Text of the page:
This is the first in a series of articles that will be covering the various concepts you need to understand in order to use Photoshop, the tools that you have at your disposal and how to use them. To understand this post, you are expected to know or have previously read about image types: raster and vector.
The Photoshop Layer Panel
Photoshop's "Layers" are the first and maybe most important concept that you need to understand. Just like a painting is the result of superposed layers of paint, a photoshop document is built up from various digital layers containing graphical data. Pretty much everything in Photoshop is done on or through layers; whether it's doing 3D work, designing a website or digital painting, it all happens with layers.
Now, why are layers a good thing, and what can they do? The first feature I'm going to address is organization: layers allow you to organize your document into separate elements. You can name these, group them, remove them, and easily move them around. Using the analogy of the painting once again: imagine if you could simply move bits of your painting around, remove them, without affecting the rest of the painting — Photoshop enables you to do just that! You can organize them in the Layer Panel (drag and drop) and move elements around by using the Move Tool (see below).
Secondly, there's styling; Photoshop has two features called "layer masks" and "layer styles". Layer styles enable you to apply styling to a specific layer, be it drop shadows, a gradient overlay, etc. You can access layer styles by double clicking a layer in the Layer Panel. This, and layer masks are a bit more complicated, so we'll get into those in a future post.
Now of course, there are different types of layers, each with it's own purpose. The main types of layers you'll be using when designing interfaces, websites or similar things are the following (see the screenshot above for reference):
So now that you know the different types of layers you can have, let's learn how to create them! As you'd expect, Photoshop has a large array of tools with various purposes. The main tools you'll be using (if you're doing interface design or something similar) are the following:
Note that in this section, I'll be referring to the bar at the top of your screen with various buttons and settings as the "settings bar".
The Photoshop Tools Panel
The tool you'll be using for creating elements will usually be one of the shape tools. The shape tools create vector "shape layers" (see above) which will scale and are extremely flexible. The various shape tools you have at your disposal are the following;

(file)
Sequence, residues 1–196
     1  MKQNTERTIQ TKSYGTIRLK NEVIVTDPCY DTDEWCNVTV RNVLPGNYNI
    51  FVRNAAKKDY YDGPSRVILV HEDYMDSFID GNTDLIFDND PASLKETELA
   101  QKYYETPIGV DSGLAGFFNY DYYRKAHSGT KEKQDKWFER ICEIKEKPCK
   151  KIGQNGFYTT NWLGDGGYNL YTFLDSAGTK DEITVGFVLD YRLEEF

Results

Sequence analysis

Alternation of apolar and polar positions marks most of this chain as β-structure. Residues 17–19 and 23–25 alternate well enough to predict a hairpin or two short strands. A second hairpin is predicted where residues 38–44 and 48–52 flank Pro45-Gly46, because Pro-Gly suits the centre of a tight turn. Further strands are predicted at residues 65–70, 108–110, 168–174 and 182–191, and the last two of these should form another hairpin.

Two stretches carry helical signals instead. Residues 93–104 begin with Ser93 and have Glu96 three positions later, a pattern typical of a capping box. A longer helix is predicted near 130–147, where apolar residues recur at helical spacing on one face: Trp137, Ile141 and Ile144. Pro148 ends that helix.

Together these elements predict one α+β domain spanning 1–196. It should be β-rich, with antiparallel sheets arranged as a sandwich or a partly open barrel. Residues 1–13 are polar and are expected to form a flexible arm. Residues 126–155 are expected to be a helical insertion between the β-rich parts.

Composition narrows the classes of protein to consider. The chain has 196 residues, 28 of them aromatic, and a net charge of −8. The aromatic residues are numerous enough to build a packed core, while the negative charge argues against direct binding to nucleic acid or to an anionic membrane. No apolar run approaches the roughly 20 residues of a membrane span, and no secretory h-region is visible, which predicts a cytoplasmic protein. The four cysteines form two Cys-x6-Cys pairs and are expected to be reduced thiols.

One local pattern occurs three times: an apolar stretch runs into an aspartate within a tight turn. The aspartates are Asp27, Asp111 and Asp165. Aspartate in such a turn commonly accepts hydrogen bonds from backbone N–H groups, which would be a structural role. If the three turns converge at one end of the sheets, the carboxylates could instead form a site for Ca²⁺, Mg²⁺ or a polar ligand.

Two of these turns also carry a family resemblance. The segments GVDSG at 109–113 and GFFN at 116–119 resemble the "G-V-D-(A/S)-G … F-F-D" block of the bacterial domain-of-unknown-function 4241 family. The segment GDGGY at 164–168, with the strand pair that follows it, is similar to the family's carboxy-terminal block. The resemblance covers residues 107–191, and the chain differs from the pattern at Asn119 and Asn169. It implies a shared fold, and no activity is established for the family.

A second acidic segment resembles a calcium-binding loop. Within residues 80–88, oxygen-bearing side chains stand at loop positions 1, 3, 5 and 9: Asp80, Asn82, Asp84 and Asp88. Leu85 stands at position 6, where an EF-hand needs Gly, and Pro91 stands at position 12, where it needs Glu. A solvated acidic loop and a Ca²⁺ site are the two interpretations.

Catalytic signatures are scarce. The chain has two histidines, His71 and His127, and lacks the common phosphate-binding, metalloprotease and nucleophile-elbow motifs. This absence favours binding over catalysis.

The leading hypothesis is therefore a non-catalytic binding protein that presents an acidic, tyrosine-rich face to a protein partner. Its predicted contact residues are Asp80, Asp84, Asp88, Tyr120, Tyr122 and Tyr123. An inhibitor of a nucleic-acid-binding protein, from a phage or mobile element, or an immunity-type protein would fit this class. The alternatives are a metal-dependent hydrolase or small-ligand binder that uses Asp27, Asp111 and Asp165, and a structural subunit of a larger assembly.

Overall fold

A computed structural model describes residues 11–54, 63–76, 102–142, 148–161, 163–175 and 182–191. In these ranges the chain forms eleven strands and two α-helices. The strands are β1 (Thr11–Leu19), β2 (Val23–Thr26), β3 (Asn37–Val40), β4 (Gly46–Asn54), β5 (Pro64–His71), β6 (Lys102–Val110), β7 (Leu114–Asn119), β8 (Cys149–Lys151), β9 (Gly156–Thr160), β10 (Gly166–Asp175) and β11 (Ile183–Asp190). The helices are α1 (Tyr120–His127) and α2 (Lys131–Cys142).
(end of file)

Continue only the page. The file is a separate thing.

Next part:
I strongly suggest that you enable "Align Edges" for all the tools as it will stop Photoshop from making blurry edges (split pixels).
Paths are essentially the frame of shapes. When you have a shape layer, you in fact have the layer form of a path. This means that, when I previously said that shapes were very flexible, it means that you can edit the paths that constitute the shapes, using the path tools. Paths themselves, are built up from "points" that are linked between them. The path tools are the following:
The type tool is, as for the type layer, the way to create text in Photoshop. Simply select the type tool, click on your document at the place you want to write, and that's it! You have a great amount of customization available in the settings bar, and you can also create paragraphs, which is to say an area with limits in which text can be written. Simply "select" the area that the paragraph should span, using the type tool. You will then have a "paragraph text" element, in which any text will stay and wrap to the bounds.
The zoom tool is probably the tool you'll be using the most (no kidding). When you design, you'll often be zoomed right in to be able to get pixel perfect designs, and the zoom tool not only enables you to zoom in to specific areas, but also to go back to exactly the right size. When using the zoom tool, you can simply click on a certain region of your document, and Photoshop will zoom into it. Press Alt while using the zoom tool, and instead of zooming in, it will zoom out. You can also "select" an area you want on your screen. Finally, in the "settings bar" at the top of your screen, you should see a few buttons, such as "Actual Pixels" or "Fill Screen". Actual Pixels, for example, will zoom you back to the actual size of your document.
Two of the most basic tools, but very useful nonetheless. First of all, the selection tool. The selection tool only works on raster layers, as they select an area of pixels. You can select between a rectangular selection or an ellipse, and add selections together or remove parts of selections using the Alt and Shift keys. The selection can then be copy/cut/pasted or have filters applied on it.
Then, we've got the Move tool. The move tool will work on any layer, as it's purpose is simply to move elements. You can move a selection, a shape, etc (you can also use the arrow keys to move the elements with more precision). Note that you should see some "resize" or "transform" tools appear when moving a tool; the move tool can also transform elements to a certain extent, such as resizing or rotating.
Firstly, this isn't a designing tutorial; as the title indicates, this guide aims to make you understand how Photoshop works while letting you experiment on your own. Secondly, this guide is in no way complete; I'm only covering the tools and concepts that come up the most and that you'll probably end up using the most. Photoshop has thousands of features for a variety of different tasks, and there is no way I could cover all of them.
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